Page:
(3) The fallout from many externally imposed peace-building and stabilization efforts, forced elections, and corruption is unprecedented levels of militia and gang violence. Rather than a descent into chaos, this trend is tied directly to the domestic politics of states and the economic benefits of conflict. The form and intensity of such conflict adapts to political competition within states. As a result, we should expect a continued rise in militias, gangs and violence across most states.

(4) Finally, demonstrations are increasing drastically — but most peaceful protests have no effect on political structures and elite politics. State security forces continue to intervene violently in protests, and mobs — often hired by politicians — are responsible for a significant and deadly increase of rioting in South Asia and beyond.

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Smugglers ‘deliberately drowned’ migrants near Yemen — TPLF as the push factor!

10 Aug

Posted by The Ethiopia Observatory (TEO)
by DW
 
Up to 50 people believed to have been migrants from Somalia and Ethiopia have been “deliberately drowned” near Yemen. The UN’s migration agency has called the killings “shocking and inhumane.”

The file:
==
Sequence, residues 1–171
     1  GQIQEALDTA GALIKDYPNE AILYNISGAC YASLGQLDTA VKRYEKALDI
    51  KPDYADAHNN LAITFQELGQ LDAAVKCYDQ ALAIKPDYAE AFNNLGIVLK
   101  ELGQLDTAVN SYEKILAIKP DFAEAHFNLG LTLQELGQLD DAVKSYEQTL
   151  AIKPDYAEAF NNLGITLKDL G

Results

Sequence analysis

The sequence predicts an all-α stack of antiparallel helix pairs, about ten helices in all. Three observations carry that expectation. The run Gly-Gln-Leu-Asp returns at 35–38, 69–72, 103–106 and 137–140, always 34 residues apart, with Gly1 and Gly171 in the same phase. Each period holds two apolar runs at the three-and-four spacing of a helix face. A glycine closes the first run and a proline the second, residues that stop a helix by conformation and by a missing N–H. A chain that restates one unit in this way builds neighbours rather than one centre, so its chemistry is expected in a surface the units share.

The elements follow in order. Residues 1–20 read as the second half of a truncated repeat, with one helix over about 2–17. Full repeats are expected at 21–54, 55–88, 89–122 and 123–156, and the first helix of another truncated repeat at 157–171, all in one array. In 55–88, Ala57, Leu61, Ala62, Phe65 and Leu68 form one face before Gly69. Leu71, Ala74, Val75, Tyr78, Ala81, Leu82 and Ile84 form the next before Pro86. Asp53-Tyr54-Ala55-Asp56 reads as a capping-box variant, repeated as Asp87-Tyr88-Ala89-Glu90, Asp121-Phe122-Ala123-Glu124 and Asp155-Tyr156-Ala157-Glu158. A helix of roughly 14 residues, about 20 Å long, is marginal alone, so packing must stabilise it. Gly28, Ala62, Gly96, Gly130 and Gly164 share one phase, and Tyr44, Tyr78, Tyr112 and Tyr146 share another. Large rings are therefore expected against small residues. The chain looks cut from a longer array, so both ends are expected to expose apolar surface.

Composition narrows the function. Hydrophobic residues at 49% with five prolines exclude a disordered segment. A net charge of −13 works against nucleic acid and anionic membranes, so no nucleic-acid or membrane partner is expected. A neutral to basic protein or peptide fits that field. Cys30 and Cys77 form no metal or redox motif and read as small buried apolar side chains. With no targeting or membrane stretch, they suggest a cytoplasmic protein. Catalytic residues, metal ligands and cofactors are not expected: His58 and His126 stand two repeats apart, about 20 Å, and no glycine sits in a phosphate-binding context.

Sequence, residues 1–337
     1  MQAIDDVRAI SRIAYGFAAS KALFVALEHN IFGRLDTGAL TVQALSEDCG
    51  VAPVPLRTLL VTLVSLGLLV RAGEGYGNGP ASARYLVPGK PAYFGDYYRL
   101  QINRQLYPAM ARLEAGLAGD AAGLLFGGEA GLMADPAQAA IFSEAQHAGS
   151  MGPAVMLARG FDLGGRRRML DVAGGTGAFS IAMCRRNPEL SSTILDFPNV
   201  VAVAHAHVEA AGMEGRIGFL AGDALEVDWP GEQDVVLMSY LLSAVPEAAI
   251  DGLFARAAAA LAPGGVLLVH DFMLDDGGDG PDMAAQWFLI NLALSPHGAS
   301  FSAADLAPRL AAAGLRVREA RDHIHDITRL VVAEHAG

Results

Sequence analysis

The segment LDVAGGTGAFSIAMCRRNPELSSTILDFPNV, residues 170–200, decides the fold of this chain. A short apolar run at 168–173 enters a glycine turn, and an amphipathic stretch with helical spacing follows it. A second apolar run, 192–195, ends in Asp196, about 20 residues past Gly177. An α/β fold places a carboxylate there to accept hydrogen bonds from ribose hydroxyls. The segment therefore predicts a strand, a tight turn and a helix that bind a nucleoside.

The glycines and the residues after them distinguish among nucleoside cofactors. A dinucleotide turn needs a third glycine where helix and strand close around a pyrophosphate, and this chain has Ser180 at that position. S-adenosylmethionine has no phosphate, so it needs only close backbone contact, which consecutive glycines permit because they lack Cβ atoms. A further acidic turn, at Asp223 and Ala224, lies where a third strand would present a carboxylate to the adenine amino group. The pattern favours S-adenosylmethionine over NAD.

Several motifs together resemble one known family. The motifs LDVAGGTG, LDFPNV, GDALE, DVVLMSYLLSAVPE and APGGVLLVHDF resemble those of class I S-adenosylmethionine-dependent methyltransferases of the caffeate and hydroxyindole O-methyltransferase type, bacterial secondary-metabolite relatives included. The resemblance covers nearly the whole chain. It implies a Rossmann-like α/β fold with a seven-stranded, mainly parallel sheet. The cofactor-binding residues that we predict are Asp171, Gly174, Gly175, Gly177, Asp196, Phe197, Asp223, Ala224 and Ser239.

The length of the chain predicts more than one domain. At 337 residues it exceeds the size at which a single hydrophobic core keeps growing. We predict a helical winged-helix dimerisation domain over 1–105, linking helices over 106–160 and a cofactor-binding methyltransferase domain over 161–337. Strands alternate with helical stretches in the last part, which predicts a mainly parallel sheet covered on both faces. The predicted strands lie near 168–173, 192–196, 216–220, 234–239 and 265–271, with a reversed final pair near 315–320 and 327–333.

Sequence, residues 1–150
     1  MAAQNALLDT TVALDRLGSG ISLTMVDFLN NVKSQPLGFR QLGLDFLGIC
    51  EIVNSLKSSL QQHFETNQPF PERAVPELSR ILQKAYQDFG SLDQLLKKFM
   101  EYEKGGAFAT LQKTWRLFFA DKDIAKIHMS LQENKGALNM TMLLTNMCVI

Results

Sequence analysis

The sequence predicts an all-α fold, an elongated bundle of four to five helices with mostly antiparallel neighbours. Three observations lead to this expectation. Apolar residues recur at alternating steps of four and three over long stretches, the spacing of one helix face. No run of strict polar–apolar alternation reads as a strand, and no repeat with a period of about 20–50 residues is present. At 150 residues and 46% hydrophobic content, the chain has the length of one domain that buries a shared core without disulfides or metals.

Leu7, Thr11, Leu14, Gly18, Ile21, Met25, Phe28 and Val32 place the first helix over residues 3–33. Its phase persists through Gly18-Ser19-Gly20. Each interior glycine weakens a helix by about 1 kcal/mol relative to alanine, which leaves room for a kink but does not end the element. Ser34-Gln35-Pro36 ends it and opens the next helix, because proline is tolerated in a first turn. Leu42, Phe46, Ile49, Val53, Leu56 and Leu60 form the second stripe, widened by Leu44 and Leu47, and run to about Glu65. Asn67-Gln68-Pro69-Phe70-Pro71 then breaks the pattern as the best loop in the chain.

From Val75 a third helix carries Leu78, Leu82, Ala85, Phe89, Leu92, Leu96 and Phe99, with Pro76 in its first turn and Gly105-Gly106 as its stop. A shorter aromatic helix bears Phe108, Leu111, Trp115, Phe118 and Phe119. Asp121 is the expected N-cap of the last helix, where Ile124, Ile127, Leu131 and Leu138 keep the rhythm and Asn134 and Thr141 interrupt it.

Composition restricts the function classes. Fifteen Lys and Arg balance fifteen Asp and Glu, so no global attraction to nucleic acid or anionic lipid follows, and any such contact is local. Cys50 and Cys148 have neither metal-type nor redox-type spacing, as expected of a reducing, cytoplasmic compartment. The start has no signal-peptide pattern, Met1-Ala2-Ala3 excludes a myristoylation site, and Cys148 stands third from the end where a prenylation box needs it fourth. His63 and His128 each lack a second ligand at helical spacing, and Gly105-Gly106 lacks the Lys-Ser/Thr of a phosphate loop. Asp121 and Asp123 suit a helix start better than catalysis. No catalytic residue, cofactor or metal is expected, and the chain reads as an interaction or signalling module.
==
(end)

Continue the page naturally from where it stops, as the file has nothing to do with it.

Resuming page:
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Famine ‘largest humanitarian crisis in history of UN’

11 Mar

Posted by The Ethiopia Observatory (TEO)

UN humanitarian chief says 20 million people in Yemen, South Sudan, Somalia and Nigeria face starvation and famine.

The world faces the largest humanitarian crisis since the United Nations was founded in 1945 with more than 20 million people in four countries at risk of starvation and famine, the UN humanitarian chief has said.
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Ethiopians flock in large numbers into war-torn Yemen

29 Nov

Posted by The Ethiopia Observatory (TEO)
by AFP

More than 100,000 refugees from the Horn of Africa have flocked to Yemen this year despite a raging conflict in the country, the United Nations said on Tuesday.
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32nd Human Rights Council session urged to take action on serious human rights violations in Ethiopia

22 Jun

By Keffyalew Gebremedhin, The Ethiopia Observatory (TEO)
 

on Wednesday June 22, 2016, at the 32nd session of the Human Rights Council (HRC), Human Rights Watch (HRW) participated in the General Debate under Agenda item 4: Human Rights situations that require the Council’s attention.